Greater Burdock

Synonyms: Lappa, Fox's Clote, Thorny Burr, Beggar's Buttons, Cockle Buttons, Love Leaves, Philanthropium, Personata, Happy Major, Clot-Bur
Scientific Name: Arctium lappa L.
Family: Asteraceae (Compositae)

Habitat

Greater Burdock is found throughout Europe, Africa, northern Asia and North America. It was introduced to the American continent by chance.

Constituents

Inulin, mucilage, polyacetylenes, essential oil, tannin, bitter substances, sitosterol, antibiotic substances, fungicidal substances, possibly also antineoplastic substances.

Description

To cling like a burr. Anyone who brushes against a burdock plant while out for a walk will soon understand where this not very flattering expression comes from. The tips of the involucral bracts, which seem to make up the greater part of the flowerheads, are adorned with stiff barbs which attach themselves firmly to clothing or to the coats of animals. The biennial herb can reach a height of three meters. Its often reddish tinged, branched and furrowed, pithy stem is correspondingly strong. The leaf stalks are covered with woolly hairs and carry heart- to egg-shaped leaves which are green and downy on the top and grey and felt-like on the underside. The leaves are very large at the bottom of the plant but get smaller towards the top. In July and August the plant is crowned with loose clusters of inflorescences. From the center of the spherical prickly heads which measure about 3 cm the bluish red flowers peer out over the rim of barbs. As with all Compositae the flowerhead is made up of many single florets. You have to look very closely to see that you are looking not at one but at many individual, tubular flowers. What you don't see is the strong fleshy root which reaches to a depth of 60 cm and keeps the burdock firmly anchored in the ground.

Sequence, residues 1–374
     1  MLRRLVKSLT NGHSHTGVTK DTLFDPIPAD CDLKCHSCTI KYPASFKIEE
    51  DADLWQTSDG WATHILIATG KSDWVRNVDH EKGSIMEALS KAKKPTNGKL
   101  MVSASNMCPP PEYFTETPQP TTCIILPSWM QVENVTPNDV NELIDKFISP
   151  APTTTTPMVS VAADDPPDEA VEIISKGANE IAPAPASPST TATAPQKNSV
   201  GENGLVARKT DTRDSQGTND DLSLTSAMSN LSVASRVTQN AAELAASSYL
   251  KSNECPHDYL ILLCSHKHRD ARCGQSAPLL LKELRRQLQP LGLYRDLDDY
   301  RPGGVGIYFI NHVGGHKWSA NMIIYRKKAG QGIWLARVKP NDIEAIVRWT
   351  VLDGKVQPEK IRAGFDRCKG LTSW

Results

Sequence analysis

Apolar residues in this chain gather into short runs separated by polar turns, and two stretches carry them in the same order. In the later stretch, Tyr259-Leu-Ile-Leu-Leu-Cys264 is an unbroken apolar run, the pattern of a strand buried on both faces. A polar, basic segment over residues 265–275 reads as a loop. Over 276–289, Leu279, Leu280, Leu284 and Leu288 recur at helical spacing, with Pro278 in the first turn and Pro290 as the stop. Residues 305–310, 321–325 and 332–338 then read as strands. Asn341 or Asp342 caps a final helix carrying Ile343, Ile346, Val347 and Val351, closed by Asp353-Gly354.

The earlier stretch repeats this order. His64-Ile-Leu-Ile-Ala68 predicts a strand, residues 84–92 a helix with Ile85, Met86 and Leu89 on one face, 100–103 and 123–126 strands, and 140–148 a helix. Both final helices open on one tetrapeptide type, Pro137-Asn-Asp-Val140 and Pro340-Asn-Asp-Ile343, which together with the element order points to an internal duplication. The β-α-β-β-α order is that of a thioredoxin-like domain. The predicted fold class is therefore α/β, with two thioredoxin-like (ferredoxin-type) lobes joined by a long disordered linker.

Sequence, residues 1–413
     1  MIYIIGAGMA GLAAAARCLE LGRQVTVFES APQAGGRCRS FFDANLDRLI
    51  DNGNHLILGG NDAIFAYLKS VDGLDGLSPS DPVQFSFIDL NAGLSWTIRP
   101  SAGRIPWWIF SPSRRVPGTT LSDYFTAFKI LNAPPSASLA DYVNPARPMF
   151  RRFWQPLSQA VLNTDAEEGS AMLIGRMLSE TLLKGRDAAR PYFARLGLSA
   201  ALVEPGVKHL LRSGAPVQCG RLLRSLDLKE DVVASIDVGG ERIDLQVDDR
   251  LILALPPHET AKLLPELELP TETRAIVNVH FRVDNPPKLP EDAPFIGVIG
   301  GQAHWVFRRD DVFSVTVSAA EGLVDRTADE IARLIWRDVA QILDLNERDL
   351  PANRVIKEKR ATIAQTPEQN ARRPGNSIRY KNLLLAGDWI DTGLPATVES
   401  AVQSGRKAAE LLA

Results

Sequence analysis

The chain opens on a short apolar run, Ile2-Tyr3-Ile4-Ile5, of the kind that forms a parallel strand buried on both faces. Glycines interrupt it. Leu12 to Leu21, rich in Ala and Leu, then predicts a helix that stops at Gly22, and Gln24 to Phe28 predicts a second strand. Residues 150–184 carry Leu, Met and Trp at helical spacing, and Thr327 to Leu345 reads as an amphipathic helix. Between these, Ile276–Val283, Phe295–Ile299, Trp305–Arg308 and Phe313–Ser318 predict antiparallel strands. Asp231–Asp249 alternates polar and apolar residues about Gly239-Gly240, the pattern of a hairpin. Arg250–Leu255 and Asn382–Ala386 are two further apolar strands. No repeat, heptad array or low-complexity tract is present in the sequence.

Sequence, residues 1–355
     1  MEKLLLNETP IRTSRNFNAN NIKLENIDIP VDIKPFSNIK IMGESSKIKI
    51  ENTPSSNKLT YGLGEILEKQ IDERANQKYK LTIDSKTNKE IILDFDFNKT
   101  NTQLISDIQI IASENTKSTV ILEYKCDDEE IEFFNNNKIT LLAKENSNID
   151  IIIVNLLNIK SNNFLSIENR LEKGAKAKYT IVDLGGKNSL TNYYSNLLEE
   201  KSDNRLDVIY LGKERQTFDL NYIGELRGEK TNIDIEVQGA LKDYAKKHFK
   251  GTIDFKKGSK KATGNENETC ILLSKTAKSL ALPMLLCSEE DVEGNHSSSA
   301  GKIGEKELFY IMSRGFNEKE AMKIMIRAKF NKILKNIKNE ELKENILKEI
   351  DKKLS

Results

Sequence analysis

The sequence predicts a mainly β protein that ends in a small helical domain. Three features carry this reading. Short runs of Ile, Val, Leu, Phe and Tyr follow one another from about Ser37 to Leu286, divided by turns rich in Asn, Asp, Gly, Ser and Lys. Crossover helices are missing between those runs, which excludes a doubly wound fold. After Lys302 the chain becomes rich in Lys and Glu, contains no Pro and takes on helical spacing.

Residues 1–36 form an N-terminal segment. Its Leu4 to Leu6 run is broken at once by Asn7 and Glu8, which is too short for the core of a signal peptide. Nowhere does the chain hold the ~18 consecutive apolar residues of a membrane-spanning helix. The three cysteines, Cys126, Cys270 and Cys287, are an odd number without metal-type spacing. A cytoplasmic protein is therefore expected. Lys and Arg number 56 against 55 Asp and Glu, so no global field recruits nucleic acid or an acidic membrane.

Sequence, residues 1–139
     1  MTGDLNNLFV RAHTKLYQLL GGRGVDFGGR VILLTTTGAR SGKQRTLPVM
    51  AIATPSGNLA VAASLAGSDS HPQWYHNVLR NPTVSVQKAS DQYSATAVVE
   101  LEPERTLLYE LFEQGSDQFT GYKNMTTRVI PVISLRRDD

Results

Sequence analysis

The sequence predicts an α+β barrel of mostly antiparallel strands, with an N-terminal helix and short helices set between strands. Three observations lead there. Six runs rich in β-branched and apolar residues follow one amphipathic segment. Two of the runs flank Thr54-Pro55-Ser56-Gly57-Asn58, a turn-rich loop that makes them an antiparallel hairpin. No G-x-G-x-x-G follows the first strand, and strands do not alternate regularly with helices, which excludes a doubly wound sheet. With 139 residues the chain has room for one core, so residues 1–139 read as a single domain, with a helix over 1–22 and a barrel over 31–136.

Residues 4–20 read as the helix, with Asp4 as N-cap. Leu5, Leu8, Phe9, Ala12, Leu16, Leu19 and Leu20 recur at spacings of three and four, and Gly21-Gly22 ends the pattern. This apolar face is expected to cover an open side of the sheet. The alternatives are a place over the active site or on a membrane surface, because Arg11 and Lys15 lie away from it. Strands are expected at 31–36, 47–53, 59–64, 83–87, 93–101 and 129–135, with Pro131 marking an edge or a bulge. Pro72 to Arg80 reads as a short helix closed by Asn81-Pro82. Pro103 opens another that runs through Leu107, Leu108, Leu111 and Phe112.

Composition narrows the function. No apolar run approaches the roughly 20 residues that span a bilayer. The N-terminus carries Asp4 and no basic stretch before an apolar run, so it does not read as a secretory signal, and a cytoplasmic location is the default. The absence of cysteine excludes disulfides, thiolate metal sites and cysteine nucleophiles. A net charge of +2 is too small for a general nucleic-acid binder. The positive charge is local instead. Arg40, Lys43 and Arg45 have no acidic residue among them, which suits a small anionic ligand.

Burdock is very often found in areas which are spurned by more demanding plants: by waysides, fences, walls and dykes, on waste ground and on the banks of streams.

Uses

Thevalued part of the Greater Burdock plant is the strong root which is harvested in the autumn of the first year of its growth. The burdock root oil obtained by extraction is used chiefly for scalp preparations.

The use of the Greater Burdock root goes back to antiquity. It was already recommended by the Greek physician Dioscorides. Burdock root oil has always been regarded as a traditional foritifier for hair.

Interesting Facts

Greater Burdock gets its scientific name from the shaggy appearance of the heads produced by the numerous hooked barbs. 'Arctium' is derived from the Greek word arctos = bear, lappa means rough. The suffix 'dock' in the common name refers to the large leaves which resemble those of dock plants (Rumex).

Greater Burdock can also be eaten. The young shoots make a tasty salad. And the roots can be eaten as a vegetable like salsify. During the war it was roasted and used as coffee substitute.

In Franconia, cows which were taken to the bull had consecrated garlands of Burdock attached to their tails to prevent witches from doing the animals any harm.

Incidentally, you can have fun with children making little dolls out of the flowerheads.

The Plant at Dr. Hauschka Skin Care

Greater burdock is found in Dr. Hauschka Skin Care Birch Rheumatism Oil* and Rheumatism Bath Oil*, for instance.

In Dr. Hauschka Birch Arnica Energizing Body Oil it supplements the effects of arnica and nettles in preventing sore muscles and provides support during fasting and cleansing diets. In Dr. Hauschka Revitalizing Hair & Scalp Tonic it supports the metabolism of the scalp and helps to restore its normal functioning.

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